State-sponsored cyber-attacks seemingly intended to influence the 2016 Presidential election have raised a question: Is the vulnerability of computerized voting systems to hacking a critical threat to our national security? Can an adversary use methods of cyber-warfare to select our commander-in-chief?
A dedicated group of technically sophisticated individuals could steal an election by hacking voting machines key counties in just a few states. Indeed, University of Michigan computer science professor J. Alex Halderman says that he and his students could have changed the result of the presidential election. Halderman et al. have hacked a lot of voting machines, and there are videos to prove it. I believe him.
Halderman isn’t going to steal an election, but a foreign power might be tempted to do so. The military expenditures of a medium-size country dwarf the cost of a multi-pronged attack, which could include using the internet, bribing employees of election offices and voting machine vendors, or just buying voting machine companies. It is likely that such an attack would not be detected, given our current election security practices.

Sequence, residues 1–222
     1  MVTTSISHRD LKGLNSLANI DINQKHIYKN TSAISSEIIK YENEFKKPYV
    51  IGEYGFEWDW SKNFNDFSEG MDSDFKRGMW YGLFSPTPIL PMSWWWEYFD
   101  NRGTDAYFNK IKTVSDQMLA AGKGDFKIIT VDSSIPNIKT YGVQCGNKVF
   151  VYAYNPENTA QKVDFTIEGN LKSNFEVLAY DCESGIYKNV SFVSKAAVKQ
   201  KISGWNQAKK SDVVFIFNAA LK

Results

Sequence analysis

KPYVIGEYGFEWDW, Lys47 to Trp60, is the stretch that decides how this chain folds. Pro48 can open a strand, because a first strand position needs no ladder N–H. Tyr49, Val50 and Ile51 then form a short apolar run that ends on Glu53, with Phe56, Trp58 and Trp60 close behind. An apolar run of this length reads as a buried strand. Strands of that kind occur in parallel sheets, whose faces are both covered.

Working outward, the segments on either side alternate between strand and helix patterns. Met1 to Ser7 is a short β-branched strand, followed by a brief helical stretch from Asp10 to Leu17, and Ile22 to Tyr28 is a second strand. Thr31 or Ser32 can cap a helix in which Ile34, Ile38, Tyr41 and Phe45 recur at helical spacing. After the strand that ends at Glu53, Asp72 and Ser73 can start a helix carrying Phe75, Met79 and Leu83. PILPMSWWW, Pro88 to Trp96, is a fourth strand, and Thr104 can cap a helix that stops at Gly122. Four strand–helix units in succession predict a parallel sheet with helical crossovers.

What would alert us to such an attack? What should we do about it? If there is reason to suspect an election result (perhaps because it’s an upset victory that defies the vast majority of pre-election polls), common sense says we should double-check the results of the election as best we can. But this is hard to do in America. Recount laws vary with each state. In states where it is possible to get a recount, it often has to be requested by one of the candidates, often at considerable expense.
In the recent election, it is fortunate that Green Party Presidential candidate Jill Stein, citing potential security breaches, recently requested a recount of the 2016 presidential vote in Wisconsin and Pennsylvania and plans to do so in Michigan. Donald Trump unexpectedly won these three states by very narrow margins, and their recount laws are favorably compared with some of the other swing states.